EU MDR: What to Do if Your Company Is Unable to Comply by the Deadline

EU MDR: What to Do if Your Company Is Unable to Comply by the Deadline

Will your products be compliant with the European Union (EU) Medical Device Regulation (MDR) when it takes full effect on May 26, 2020? Since the introduction of the EU MDR in 2017, companies in the medical device industry have had a three-year transition period to recertify their products under the new regulation and ensure continued market access.

However, a lack of notified bodies and delays in resource availability have increased the likelihood that companies may not be able to meet the deadline. Industry representatives have also raised concerns over these challenges. According to a recent survey, only 27 percent of medical device manufacturers expect to be fully compliant by the deadline.

If your company has not yet recertified its products under the MDR, there is good news: EU MDR provisions allow manufacturers to ensure medical devices remain available on the market after the deadline.


To learn more about what data to submit to notified bodies, download our guide, Notified Bodies: Certifying Your Products Under the EU Medical Device Regulation.


Obtain CE Certificates From Designated Notified Bodies

The EU MDR legal framework established manufacturers can obtain Conformité Européenne (CE) certification against the new requirements of the regulation. This must be done through an MDR-designated notified body, of which there are only nine, though the European Commission has indicated that 44 existing notified bodies have applied for the designation.

CE certification is a regulatory standard that confirms a product is safe for sale and use in the European Economic Area. There is no single regulatory body that grants CE certification, which means companies are responsible for identifying their requirements and collecting and verifying applicable data, among other tasks. Third-party solutions support companies in obtaining this certification, but a notified body will still need to conduct an independent conformity assessment to ensure a product can stay on the market.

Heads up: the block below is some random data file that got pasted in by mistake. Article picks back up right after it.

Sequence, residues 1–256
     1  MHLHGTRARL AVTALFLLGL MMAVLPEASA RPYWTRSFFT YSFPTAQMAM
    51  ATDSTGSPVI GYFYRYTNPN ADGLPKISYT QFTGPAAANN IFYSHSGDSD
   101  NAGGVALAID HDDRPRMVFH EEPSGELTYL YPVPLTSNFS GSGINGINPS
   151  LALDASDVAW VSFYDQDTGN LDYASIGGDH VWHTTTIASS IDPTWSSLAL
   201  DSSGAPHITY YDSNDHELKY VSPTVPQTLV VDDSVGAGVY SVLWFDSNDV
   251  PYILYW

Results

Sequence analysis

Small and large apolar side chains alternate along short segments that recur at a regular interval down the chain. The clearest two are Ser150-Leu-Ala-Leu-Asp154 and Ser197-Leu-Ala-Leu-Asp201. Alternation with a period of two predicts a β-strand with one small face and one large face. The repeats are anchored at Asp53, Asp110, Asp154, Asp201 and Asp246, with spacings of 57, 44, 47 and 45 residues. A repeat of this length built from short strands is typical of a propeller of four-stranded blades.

Grace Period for Eligible Devices

Article 120(3) of the MDR allows Medical Device Directive (MDD)-designated notified bodies to renew or extend certificates issued under the MDD. These notified bodies can do so until May 26, 2020, providing a grace period for companies with MDD-certified products. Leveraging existing medical device data helps companies collect the information they need for notified body submissions.

This provision only applies to products that have not received “significant changes,” (Article 120(3) of the EU MDR legal text), but with no official guidance from the European Commission in place, determining what constitutes “significant changes” presents a further challenge. Additionally, three different groups of low-risk Class I medical devices (reusable surgical instruments, devices in sterile conditions and devices that have a measuring function) have been granted an additional four-year grace period, provided they are already fully compliant with the MDD.

The two-year delay of the European Database on Medical Devices (EUDAMED), meanwhile, does not provide any grace periods for compliance. While electronic reporting to the database is not required until 2022, companies in scope of the MDR will still need to meet notified body reporting requirements, though the format and process for this has not yet been defined.

Apply for Time-Limited Derogations

Manufacturers may also apply for time-limited derogations at the national level to ensure products remain available to patients. Once approved nationally, the European Commission could then make these derogations applicable across the EU. Derogations are typically time-limited to a few weeks, but, in theory, could be extended to allow additional time for notified body approval.

These provisions give medical device companies facing the deadline additional options for keeping their products on the market and available to patients, albeit for a limited amount of time. Taking advantage of these provisions will still require significant effort to ensure accurate product data is collected and submitted to notified bodies and other authorities.

Using a robust supply chain data management system such as the Assent Compliance Platform, companies collect and manage the data needed to meet their requirements under a variety of regulations, including restricted substance requirements under Section 10.4 of the EU MDR. Contact us at info@assentcompliance.com to learn more.

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